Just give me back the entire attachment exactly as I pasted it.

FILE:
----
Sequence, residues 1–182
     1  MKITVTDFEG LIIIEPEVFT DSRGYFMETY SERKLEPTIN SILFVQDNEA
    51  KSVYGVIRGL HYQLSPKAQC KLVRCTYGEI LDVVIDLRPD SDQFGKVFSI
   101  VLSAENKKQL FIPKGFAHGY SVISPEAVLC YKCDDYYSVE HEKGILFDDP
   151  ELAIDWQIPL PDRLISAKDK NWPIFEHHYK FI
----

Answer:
Sequence, residues 1–182
     1  MKITVTDFEG LIIIEPEVFT DSRGYFMETY SERKLEPTIN SILFVQDNEA
    51  KSVYGVIRGL HYQLSPKAQC KLVRCTYGEI LDVVIDLRPD SDQFGKVFSI
   101  VLSAENKKQL FIPKGFAHGY SVISPEAVLC YKCDDYYSVE HEKGILFDDP
   151  ELAIDWQIPL PDRLISAKDK NWPIFEHHYK FI